When a nightmare comes true...

In the June column of Tailspin (dated 12 June, 2022), I wrote about every pet parents’ nightmare — our pets getting lost — and how being prepared for such a day can prevent possible heartache. Well, Wednesday two weeks ago was that damned day for us. Pippi took off after a rabbit and had a nerve-wracking adventure, and our preparations were put to test. It’s almost winter here, and the days are getting shorter. By 4:30 pm, twilight rings in. The grass in our neighbourhood park is turning brown

Friends, foes or just a lot of fuss?

"Is your dog friendly with other dogs?” This is a question we are frequently asked when we are out walking with Pippi. There’s, unfortunately, no simple ‘yes’ or ‘no’, like most answers in a dog’s world. ‘Maybe’ is more apt because Pippi is ‘dog selective’— he takes to some dogs like he has known them for life, viciously hates some, barks at the top of his voice whenever he sees them, and mostly ignores the rest. Every time we are asked that question, we try to see if we can find a pattern to Pi

When you spot that first tuft of grey...

During my last visit home, Pippi was exhilarated to see me, and like a good boy, decided to put his head on my lap and grab a siesta. While my fingers stoked his whiskers, I saw some tufts of grey hair on his muzzle — and my heart sank. Was Pippi growing old already? He’s almost six, but only six! In a split second, the image of an old, frail and limp Pippi flashed in front of my eyes. How do our pets grow old so fast? In a minute, he was up, barking at the garbage truck, as if nothing had chang

Beating the breed obsession

The media is notorious for propagating stereotypes — of people, places and even pets. And one such stereotype is about breeds of pets, especially dogs. Some breeds, like Labrador Retrievers and Golden Retrievers, are often portrayed as saintly and family-friendly, while Dobermanns, Pitbulls and German Shepherds are shown as fierce guard dogs that can bite if need be. Some cities in the world have also banned ownership of certain breeds deemed ‘dangerous’. Popular movies and TV shows that involve

Belly rubs, but with consent

One hot summer evening, we were heading home from our usual evening stroll at the park. A young kid, probably excited about seeing a dog, ran towards us from nowhere with his hand stretched to pet Pippi. Before I could say no, he was so close that I had to pull back Pippi’s leash. Terrified at seeing the kid shouting and zipping towards him, Pippi barked and lunged, and thankfully the kid stopped in his course, quite shaken. Disaster averted. Alerted by the commotion, his mom, who was lost in he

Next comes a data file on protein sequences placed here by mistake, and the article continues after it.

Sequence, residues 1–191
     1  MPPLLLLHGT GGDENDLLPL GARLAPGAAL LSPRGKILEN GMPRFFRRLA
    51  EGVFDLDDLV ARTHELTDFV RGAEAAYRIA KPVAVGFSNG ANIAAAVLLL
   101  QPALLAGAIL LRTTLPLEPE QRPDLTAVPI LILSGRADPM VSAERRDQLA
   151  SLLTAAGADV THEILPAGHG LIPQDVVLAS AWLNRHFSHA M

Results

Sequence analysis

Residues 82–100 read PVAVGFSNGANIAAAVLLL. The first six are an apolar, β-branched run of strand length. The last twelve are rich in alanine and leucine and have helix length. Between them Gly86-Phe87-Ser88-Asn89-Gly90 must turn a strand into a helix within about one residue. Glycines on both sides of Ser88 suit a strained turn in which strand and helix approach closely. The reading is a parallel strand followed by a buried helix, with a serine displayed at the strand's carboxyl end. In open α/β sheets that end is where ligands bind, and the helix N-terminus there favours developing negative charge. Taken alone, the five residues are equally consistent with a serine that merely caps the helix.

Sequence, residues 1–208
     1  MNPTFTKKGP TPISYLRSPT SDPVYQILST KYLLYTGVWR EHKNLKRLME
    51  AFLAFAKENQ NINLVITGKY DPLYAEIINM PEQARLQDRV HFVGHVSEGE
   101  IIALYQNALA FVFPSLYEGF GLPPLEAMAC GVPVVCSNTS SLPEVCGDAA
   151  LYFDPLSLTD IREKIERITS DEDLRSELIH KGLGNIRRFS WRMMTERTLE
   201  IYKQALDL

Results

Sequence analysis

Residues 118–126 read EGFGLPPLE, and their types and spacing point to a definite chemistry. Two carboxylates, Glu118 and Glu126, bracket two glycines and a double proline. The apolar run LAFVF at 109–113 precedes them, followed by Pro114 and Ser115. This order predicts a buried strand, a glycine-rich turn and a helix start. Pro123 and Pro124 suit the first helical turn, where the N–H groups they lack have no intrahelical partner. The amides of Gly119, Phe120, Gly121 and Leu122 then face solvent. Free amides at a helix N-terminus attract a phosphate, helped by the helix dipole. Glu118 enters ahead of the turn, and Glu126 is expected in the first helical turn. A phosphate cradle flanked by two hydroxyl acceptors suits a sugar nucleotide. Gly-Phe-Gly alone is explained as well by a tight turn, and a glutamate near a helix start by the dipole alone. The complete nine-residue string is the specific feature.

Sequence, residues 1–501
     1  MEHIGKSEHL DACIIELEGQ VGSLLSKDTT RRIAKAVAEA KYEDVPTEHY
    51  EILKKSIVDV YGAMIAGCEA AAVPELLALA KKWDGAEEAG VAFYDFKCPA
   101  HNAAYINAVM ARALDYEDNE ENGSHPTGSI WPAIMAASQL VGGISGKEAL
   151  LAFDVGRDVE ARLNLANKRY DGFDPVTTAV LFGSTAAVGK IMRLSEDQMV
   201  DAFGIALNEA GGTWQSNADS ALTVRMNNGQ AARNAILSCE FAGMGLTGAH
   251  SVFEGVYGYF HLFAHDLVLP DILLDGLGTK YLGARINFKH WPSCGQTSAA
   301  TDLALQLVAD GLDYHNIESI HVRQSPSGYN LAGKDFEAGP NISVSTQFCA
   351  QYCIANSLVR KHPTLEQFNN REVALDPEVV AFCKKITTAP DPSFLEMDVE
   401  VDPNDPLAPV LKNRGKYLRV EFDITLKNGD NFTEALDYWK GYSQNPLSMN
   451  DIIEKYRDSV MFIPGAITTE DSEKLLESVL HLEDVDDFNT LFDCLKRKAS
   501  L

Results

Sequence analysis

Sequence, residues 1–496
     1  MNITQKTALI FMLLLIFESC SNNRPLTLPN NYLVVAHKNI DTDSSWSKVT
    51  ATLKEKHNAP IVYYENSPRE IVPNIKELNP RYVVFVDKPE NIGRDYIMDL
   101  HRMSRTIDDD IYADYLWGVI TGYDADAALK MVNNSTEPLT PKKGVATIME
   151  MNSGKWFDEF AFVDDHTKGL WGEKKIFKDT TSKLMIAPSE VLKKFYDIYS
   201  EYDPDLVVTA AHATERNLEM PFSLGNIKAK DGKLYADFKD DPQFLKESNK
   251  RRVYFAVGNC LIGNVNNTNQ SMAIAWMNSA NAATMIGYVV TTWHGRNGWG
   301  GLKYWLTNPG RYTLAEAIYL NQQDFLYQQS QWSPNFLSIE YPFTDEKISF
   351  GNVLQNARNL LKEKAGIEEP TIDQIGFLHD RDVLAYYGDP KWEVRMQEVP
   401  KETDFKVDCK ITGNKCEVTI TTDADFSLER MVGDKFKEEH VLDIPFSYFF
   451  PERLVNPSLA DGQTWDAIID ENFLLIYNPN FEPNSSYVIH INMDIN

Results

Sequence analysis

Anxiety on the other end of the leash

The last month saw major upheavals in our lives — I moved into a new city more than 4,000 kilometres from home — leaving behind Pippi and my husband, who is now tasked with all doggy duties. The conversation that’s on top of my mind during our daily calls is about Pippi — did he have his walks and was he a good boy today (he always is, and we love him nevertheless, but I still ask). So far, the reply has been a resounding yes and I am impressed. Of course, it isn’t the first time I am away from

A nightmare no one wants to go through

Pippi is no stranger to escapades: not that he is a runner, but he thrives on adventures. If we don’t take him on one often, he finds his own! When he started visiting our home before he adopted us, he came in and went out on his terms, squeezing his body between the compound bars. Once he was ours, we had closed those gaps with ropes in the hopes that he could stay safe inside. A couple of days passed and one morning, while out in the garden, he vanished. We went frantically looking for him on

Pets and neutering: To snip or not to snip?

When Pippi shows off his intelligent or goofy self, we often delve into how much we’d miss him when he isn’t around. To lighten our mood from the impending gloomy thoughts, we joke about having Pippi Jr continue the khandaan. A brief second later, reality strikes — Pippi can’t make puppies! When we first met him as an adult street dog, Bengaluru’s BBMP had already done the honours: Pippi’s ears (and testes) were snipped and he was neutered. Thankfully, we were spared from wrapping our heads arou

Let sleeping dogs lie, literally!

The pandemic forced our pets to become a part of the ‘virtual office culture’— from joining water-cooler conversations with their barks and whines to appearing on Zoom meetings to even making a celebrity appearance on live TV! (The Irish President’s Bernese mountain dog did not shy away from asking for some love during his live address!) But Pippi got into no such adventures! What he succeeded in doing was to figure out a daily routine that let him sleep — a lot at times — and we are extremely p

Have you thought about your pet’s pawprint?

T he world has around a billion pets — about one dog or cat for every seven people. Most of them were brought into this world by us with a ‘human-created’ stamp. That stamp has very little positive associations because much of what we have created — plastics, automobiles, agriculture and chemicals — have been disastrous for this planet. So, could our much-loved furballs be just as bad? Unfortunately, beyond the cuddly, innocent faces of our pets lies an inconvenient truth — our pets have a signi